"But the receipt by this Court of the Order of the Supreme Court denying certiorari of the said Opinion of May 27, 1975, in the Flanagan case (CV-74-808-PH) just as finally and effectively reversed, as of April 23, 1976, the class action holding of this Court in the Flanagan case (CV-74-808-PH) as if a mandate had been received from the Circuit Court, as ordered by the last paragraph of its Opinion.
 
"The suspension of the California one-year statute of limitations in the Mustafa case (CV-74-2559-PH) began with the date of filing of the complaint, viz., March 27, 1974, in Flanagan (CV-74-808-PH), Utah v. American Pipe, 473 F.2d 580 (9th Cir. 1973), aff'd 414 U.S. 538, [94 S. Ct. 756, 38 L. Ed. 2d 713] and continued until the effective filing of the Order of the Supreme Court on April 23, 1976.
 
"The crash occurred on March 3, 1974: Thus, 24 days of the statute ran before the filing of the complaint on March 27, 1974. The statute resumed running on April 23, 1976. The complaint in Mustafa (CV-76-2559-PH) was filed August 10, 1976. Between April 23, 1976, and August 10, 1976, three months and 17 days of the California one-year statute [C.C.P. 340(3)] was consumed, for a total of something over four months of the California one-year statute of limitations.1
 
"1 Subtracting the 24 days of the statute which ran before the Flanagan case (CV-74-808-PH) from the California one-year statute leaves 341 days of the one year remaining after April 23, 1976 (the date of filing the Supreme Court Order), which, by the calculations of the undersigned, closes the California statute on March 17, 1977.
 
"Thus, the suit in Mustafa was timely filed and should not be dismissed if plaintiffs in Mustafa (CV-76-2559-PH) were within the class defined in Flanagan.
 
"The plaintiffs allege that they were `dependent parents' and thus within the class defined in Flanagan (CV-74-808-PH). Defendant McDonnell Douglas asserts that the California statute did not permit dependent parents to sue until a Section 377 amendment in August, 1975. The defendant is clearly in error as the statute had been amended in 1968 and, at the time of the crash, read:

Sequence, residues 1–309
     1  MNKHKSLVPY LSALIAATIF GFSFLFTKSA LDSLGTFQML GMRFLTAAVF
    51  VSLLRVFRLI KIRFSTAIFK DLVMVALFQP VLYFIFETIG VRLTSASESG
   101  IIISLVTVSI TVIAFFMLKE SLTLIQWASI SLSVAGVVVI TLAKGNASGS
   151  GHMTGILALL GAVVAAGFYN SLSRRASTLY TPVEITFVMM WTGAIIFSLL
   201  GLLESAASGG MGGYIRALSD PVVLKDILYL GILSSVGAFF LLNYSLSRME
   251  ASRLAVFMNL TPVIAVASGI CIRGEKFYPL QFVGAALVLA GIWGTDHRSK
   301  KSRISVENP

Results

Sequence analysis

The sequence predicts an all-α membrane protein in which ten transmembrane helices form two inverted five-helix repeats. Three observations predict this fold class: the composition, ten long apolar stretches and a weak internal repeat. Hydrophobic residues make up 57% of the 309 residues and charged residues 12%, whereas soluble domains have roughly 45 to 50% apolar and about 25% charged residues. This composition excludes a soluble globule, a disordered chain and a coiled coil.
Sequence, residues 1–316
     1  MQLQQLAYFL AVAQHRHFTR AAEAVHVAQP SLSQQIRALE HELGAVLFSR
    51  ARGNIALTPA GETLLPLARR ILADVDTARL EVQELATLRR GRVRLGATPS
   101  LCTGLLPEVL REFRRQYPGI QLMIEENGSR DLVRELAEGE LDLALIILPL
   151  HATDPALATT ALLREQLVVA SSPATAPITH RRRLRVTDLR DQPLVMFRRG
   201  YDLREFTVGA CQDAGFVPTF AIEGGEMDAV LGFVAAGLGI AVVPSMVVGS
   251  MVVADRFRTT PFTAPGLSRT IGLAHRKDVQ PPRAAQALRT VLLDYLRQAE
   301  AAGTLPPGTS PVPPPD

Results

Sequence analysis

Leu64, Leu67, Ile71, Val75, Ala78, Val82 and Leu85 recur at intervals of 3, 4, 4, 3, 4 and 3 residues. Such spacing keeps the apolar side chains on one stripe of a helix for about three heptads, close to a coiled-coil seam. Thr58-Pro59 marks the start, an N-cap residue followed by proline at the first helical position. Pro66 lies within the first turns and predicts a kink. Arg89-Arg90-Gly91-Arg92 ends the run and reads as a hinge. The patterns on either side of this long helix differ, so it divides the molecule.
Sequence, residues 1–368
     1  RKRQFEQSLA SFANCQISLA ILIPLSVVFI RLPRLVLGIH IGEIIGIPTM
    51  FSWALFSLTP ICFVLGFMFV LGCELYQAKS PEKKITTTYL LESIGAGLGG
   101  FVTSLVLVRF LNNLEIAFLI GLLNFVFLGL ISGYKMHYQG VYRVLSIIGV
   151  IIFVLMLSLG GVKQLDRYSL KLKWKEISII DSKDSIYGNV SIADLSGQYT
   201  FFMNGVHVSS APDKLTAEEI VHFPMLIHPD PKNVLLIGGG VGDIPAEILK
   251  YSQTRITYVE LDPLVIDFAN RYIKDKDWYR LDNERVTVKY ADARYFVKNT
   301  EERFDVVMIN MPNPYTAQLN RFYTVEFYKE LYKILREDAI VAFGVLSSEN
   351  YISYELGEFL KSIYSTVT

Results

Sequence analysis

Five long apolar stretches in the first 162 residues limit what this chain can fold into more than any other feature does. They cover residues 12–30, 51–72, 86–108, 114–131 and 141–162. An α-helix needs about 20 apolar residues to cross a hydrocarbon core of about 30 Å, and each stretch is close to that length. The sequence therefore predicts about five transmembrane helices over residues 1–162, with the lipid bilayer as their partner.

"`When the death of a person . . is caused by the wrongful act or neglect of another, his heirs, and his dependent parents, if any, who are not heirs, . . . may maintain an action for damages against the person causing the death, . . . The respective rights of the heirs and dependent parents in any award shall be determined by the court. . . .' (Emphasis added.)
 
"The 1975 amendments to the California Code of Civil Procedure simply recast the language of the whole section as to dependent parents.2
 
2 The 1975 amendment of California C.C.P. 377 added the `putative spouse, children of the putative spouse, and stepchildren' to those having a right to sue for wrongful death.
 
"The pertinent part of the 1975 amendment follows:
 
"`(a) When the death of a person is caused by the wrongful act or neglect of another, his or her heirs or personal representatives on their behalf may maintain an action for damages against the person causing the death. . . .
 
"`(b) For the purposes of subdivision (a), "heirs" means the following:
 
"`(1) . . .
 
"`(2) Whether or not qualified under paragraph (1), if they were dependent on the decedent, the putative spouse, children of the putative spouse, step-children, and parents. . . .' (Emphasis added.)
 
"Thus, the plaintiffs are within the California statute of limitations and within the class described in Flanagan (CV-74-808-PH), and the defendants' motions *776 to dismiss ought to be and are hereby denied."

The Turkish Airlines filed a separate motion to dismiss, asserting that under the Warsaw Convention[4] the action was not timely filed, because Article 29 of the Warsaw Convention fixes the statute at two years. But Warsaw by the same article provides:

 
"(2) The method of calculating the period of limitation shall be determined by the law of the court to which the case is submitted." (Emphasis added.)

As pointed out above, (1) the method of calculating the period of limitation is under California law; and (2) under the California method there was a suspension of the California statute, so that it does not expire until March 17, 1977.

Turkish Airline's motion to dismiss is thus ordered overruled.

 
PERNIAS CASE CV-76-3501-PH

In this case, as in the Mustafa case (CV-76-2559-PH), the plaintiffs are alleged to be dependent parents.